2 NZX-listed companies, Sanford Ltd & Restaurant Brands NZ Ltd, introduced the latest in executive incentive plans yesterday.
The 2 schemes are markedly different from each other. Sanford’s matches earnings against the cost of capital while Restaurant Brands’ has a share price target.
The Sanford scheme looks long-termish (5 years), but the company hasn’t mentioned what happens after the first payout period. The Restaurant Brands scheme gives the chief executive 3 years to achieve the target, with a big one-off prize for success – not really a long-term incentive, although it might take him some time to ramp the share price up through better operations.
The Sanford long-term incentive plan is based on lifting the underlying operating profit to a set percentage of the company’s weighted average cost of capital. In contrast, the typical property sector incentive of the past (and for some, present) was based on lifting gross assets.
This new scheme works in shareholders’ interests by raising profit over costs, whereas the property sector scheme had no relationship to shareholder interests.
Sanford chairman Jeff Todd said the objective of the incentive plan for its chief executive, Volker Kuntzsch, was to offer performance share rights for progressively improving Sanford’s underlying operating profit to a level approximating 130% of its weighted average cost of capital over a 5-year period.
To start the scheme, Sanford has granted Mr Kuntzsch 53,097 performance share rights, each entitling him to one ordinary share in Sanford on exercise. For him to exercise these rights:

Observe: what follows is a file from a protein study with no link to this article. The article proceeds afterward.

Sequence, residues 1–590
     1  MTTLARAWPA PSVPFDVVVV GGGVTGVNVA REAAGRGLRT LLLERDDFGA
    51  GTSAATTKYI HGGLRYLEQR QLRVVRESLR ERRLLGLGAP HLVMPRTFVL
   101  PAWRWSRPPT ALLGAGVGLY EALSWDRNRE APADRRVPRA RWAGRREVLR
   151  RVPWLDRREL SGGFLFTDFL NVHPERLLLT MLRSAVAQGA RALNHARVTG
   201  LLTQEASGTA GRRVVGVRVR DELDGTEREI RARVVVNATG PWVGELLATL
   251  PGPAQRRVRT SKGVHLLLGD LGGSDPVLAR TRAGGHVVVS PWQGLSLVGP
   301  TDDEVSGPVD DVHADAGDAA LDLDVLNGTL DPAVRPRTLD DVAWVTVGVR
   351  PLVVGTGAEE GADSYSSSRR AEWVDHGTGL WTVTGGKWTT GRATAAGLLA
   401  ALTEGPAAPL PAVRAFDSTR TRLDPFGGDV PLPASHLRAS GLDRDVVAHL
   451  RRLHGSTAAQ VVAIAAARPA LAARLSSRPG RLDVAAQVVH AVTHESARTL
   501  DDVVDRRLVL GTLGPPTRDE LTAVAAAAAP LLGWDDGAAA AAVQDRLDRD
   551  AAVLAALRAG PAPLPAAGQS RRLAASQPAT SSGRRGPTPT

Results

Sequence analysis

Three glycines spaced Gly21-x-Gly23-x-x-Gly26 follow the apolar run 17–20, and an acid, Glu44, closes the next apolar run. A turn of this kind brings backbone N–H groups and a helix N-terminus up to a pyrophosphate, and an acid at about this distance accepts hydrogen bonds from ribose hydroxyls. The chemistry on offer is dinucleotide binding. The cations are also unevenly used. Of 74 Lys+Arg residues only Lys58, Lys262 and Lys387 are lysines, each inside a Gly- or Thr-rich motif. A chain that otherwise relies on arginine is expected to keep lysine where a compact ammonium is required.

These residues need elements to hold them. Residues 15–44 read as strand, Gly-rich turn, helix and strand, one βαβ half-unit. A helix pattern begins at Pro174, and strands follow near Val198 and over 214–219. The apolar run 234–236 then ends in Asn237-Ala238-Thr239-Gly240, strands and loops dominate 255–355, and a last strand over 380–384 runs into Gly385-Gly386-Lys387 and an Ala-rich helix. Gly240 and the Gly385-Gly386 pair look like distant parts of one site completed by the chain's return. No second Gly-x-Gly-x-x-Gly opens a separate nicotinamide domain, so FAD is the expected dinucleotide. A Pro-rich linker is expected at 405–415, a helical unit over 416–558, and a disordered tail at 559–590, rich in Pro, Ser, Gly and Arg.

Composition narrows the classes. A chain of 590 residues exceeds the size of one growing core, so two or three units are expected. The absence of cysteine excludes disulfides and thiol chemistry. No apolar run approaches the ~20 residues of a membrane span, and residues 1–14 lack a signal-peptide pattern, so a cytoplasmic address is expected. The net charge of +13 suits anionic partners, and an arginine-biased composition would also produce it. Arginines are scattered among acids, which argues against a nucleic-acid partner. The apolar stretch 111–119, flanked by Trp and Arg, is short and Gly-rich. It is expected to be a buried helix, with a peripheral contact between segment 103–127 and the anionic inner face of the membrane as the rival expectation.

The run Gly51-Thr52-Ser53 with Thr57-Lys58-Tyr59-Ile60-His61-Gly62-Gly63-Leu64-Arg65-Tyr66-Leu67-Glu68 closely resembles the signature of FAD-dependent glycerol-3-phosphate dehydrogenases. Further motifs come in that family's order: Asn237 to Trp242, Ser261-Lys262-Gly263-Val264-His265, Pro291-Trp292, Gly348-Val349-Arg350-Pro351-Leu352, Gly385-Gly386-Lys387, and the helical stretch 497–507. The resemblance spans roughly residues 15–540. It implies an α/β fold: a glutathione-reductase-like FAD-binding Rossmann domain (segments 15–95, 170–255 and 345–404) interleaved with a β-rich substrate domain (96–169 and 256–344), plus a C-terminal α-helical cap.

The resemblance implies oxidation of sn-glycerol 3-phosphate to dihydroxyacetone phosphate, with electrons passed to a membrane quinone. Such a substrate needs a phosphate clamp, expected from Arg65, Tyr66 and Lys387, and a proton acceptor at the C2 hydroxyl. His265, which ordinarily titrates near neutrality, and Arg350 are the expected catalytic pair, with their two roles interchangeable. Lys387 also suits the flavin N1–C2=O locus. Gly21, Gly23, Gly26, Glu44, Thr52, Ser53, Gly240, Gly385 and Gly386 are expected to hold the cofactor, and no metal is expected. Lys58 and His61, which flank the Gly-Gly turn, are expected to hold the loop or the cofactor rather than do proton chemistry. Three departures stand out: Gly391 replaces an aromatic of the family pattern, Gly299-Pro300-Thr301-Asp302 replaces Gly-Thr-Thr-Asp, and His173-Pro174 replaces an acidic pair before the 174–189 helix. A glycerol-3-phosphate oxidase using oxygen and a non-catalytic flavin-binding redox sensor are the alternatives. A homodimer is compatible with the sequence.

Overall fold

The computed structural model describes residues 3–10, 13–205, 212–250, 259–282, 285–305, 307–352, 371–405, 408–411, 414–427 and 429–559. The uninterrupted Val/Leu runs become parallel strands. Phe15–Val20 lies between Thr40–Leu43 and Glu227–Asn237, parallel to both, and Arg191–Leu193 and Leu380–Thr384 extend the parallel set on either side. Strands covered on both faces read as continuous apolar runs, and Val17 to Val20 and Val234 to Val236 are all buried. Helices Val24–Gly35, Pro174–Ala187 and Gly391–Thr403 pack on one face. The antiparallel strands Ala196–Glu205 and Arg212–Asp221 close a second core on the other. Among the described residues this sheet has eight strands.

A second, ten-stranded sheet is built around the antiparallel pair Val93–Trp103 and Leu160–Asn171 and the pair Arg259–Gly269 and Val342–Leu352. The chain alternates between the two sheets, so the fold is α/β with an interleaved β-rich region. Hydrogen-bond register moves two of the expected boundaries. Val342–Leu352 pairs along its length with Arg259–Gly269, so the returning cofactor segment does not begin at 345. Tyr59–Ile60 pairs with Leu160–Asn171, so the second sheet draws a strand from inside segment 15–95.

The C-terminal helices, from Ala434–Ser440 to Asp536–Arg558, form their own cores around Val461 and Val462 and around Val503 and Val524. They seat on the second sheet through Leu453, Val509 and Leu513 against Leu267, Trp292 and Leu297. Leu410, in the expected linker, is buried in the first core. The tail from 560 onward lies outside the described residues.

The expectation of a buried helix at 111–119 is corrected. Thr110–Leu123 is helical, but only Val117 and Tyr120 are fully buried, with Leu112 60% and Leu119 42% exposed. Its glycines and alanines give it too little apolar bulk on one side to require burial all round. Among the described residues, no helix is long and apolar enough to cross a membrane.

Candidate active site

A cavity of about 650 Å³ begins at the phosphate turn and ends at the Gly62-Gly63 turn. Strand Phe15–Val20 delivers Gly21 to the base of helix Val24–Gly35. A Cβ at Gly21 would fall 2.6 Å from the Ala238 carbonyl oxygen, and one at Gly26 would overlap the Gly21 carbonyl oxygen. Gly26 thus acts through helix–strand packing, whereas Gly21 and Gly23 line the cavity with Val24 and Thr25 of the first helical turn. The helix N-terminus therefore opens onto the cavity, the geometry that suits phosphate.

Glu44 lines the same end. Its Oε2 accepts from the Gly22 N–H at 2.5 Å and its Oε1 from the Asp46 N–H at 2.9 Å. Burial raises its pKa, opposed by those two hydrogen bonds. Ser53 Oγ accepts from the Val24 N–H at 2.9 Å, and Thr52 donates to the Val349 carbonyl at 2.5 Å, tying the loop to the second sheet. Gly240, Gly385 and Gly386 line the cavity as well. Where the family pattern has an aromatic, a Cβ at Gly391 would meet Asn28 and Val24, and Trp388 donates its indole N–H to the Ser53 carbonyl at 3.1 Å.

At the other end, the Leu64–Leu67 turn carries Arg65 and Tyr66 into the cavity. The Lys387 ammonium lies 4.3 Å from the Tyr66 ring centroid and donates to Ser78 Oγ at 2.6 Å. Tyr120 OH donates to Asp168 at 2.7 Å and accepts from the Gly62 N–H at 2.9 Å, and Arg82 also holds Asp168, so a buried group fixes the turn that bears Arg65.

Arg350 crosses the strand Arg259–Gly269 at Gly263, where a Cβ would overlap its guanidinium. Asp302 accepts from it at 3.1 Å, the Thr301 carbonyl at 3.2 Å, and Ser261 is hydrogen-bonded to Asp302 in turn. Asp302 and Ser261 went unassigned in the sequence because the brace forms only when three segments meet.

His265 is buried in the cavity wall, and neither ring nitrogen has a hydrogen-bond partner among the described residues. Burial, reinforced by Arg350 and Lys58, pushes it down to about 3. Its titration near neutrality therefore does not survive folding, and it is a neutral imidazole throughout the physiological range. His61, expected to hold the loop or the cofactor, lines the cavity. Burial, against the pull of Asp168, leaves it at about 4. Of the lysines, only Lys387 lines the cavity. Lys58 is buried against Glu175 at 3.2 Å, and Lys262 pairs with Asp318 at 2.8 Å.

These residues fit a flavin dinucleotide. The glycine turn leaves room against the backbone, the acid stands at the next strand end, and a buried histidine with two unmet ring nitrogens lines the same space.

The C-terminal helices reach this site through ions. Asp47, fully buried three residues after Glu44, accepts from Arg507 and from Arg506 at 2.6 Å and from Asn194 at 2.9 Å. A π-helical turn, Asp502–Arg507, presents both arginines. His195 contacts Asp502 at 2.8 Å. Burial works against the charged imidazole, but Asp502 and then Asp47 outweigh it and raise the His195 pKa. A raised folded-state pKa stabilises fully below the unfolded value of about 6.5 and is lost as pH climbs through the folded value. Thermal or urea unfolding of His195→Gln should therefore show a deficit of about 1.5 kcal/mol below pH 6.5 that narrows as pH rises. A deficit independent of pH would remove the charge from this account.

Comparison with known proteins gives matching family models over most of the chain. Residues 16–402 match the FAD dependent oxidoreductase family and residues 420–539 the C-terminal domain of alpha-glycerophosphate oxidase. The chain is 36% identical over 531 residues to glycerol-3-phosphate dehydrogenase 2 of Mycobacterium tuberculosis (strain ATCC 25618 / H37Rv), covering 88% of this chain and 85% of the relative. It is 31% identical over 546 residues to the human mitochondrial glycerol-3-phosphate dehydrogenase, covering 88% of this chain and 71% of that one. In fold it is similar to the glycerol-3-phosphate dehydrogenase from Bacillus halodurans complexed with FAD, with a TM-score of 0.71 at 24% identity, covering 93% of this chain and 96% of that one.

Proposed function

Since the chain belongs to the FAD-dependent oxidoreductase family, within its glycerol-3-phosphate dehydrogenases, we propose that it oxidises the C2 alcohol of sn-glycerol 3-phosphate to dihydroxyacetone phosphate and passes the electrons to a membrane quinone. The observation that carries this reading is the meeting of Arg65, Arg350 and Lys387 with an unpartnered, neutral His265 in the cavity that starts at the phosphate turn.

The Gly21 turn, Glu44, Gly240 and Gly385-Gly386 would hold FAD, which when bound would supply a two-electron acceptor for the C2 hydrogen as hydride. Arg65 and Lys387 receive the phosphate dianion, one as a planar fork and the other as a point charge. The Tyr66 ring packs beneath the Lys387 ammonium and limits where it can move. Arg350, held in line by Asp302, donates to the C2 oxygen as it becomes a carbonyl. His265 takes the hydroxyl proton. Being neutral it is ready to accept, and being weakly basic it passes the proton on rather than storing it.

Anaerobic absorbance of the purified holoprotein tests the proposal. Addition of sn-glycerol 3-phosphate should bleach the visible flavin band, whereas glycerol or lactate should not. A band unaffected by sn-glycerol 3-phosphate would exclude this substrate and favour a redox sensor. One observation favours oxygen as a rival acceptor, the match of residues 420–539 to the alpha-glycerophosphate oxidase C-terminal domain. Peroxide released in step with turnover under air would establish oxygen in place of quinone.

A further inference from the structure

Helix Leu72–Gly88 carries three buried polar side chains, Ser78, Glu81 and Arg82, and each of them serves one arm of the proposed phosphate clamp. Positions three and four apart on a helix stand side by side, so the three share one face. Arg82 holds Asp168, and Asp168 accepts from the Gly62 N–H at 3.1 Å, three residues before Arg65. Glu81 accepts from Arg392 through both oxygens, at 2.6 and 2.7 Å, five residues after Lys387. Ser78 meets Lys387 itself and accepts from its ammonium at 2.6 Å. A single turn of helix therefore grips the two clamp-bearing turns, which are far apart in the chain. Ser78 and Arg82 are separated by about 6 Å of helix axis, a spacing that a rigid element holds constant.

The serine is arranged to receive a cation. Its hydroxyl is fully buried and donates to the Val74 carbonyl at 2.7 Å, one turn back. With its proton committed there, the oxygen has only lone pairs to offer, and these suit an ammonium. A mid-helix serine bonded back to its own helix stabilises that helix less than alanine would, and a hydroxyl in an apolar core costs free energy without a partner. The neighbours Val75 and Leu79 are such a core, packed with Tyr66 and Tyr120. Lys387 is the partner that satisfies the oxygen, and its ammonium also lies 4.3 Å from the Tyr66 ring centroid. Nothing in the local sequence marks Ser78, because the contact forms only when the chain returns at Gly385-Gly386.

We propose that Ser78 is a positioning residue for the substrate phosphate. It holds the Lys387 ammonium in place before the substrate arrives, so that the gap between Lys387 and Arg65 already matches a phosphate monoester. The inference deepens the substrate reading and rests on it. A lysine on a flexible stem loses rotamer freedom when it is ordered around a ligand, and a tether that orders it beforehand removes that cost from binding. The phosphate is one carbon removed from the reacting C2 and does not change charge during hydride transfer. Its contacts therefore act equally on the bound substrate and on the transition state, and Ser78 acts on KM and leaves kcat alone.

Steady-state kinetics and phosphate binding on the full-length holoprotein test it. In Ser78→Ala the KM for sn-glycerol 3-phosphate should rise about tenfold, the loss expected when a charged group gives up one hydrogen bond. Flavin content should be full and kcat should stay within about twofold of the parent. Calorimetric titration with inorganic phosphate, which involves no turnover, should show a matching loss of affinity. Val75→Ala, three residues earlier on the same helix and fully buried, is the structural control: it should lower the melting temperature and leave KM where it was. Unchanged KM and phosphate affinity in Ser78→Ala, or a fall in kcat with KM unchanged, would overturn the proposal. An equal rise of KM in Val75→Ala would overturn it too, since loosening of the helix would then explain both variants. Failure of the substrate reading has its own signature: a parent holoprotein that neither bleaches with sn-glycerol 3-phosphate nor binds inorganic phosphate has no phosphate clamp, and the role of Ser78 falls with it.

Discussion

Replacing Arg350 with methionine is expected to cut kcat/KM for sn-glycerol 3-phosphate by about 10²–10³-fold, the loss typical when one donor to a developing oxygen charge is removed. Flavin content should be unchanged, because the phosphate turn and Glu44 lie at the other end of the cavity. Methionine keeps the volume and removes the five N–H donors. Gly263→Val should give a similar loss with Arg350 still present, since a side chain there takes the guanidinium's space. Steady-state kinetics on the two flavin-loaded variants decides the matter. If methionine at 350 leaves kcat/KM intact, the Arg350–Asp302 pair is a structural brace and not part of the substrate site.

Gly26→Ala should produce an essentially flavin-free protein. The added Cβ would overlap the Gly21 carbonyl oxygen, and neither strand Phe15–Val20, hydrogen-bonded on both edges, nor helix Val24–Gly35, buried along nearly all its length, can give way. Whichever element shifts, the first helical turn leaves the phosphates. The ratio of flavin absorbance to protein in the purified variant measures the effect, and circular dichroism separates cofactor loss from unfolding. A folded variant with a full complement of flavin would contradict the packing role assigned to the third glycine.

- Sanford’s average return on funds for the 2014, 2015 & 2016 financial years must achieve certain predetermined levels in relation to the 5-year objective, and
- Mr Kuntzsch must remain employed by Sanford for 3 years.
Mr Kuntzsch won’t have to pay anything when these shares are allotted to him. Mr Todd said the benefits provided under the plan were capped at 30% of Mr Kuntzsch’s fixed annual remuneration, which was set at market levels.
The other novelty is that, whereas most executive share schemes pay out with dilutive newly issued shares, Sanford will establish a trust which will acquire shares on market to meet the share obligations under the plan.
Mr Todd said Mr Kuntzsch had agreed that, following exercise of the performance share rights and for so long as he remained employed by Sanford, he would only sell the number of shares necessary to satisfy his tax obligations on exercise of the performance share rights, unless the board of directors specifically agreed otherwise.
Restaurant Brands’ board announced its incentive scheme for chief executive Russel Creedy after completing a review of his remuneration package.
Under the terms of the scheme if, in the 2-year period starting on 25 July 2015, Restaurant Brands’ closing share price is at or exceeds $4 for 40 consecutive trading days, Mr Creedy will be paid a one-off $1 million net cash bonus. He has to stay for the next 6 months to get it.
The share price hasn’t been anywhere near $4 lately. Back at the end of July 2012 it was at $2.12, and in May last year it went over $3. Since then it’s meandered in a 65c range, hitting $3.34 in June, dropping back to $3.14 last Friday. Today it picked up 6c to $3.20.
There are enough sub-clauses in the Restaurant Brands plan to make a payout – or non-payout – contentious enough for the company & its No 1 employee to spend the $1 million arguing over what should be taken into account.
Mr Creedy will be entitled to payment of the bonus if a full takeover offer (or analogous transaction) is successful at or above $4/share during the 2-year assessment period, but again, he has to stay on for the next 6 months (subject to certain exceptions).
The board may exclude or adjust closing share prices if it considers it necessary to “fairly & equitably address any exceptional or unusual circumstances”. In addition, the board must make any adjustments to the scheme which it considers necessary to fairly & equitably take into account certain corporate actions such as variations to Restaurant Brands’ share capital and material business acquisitions or sales.
Attribution: Company releases.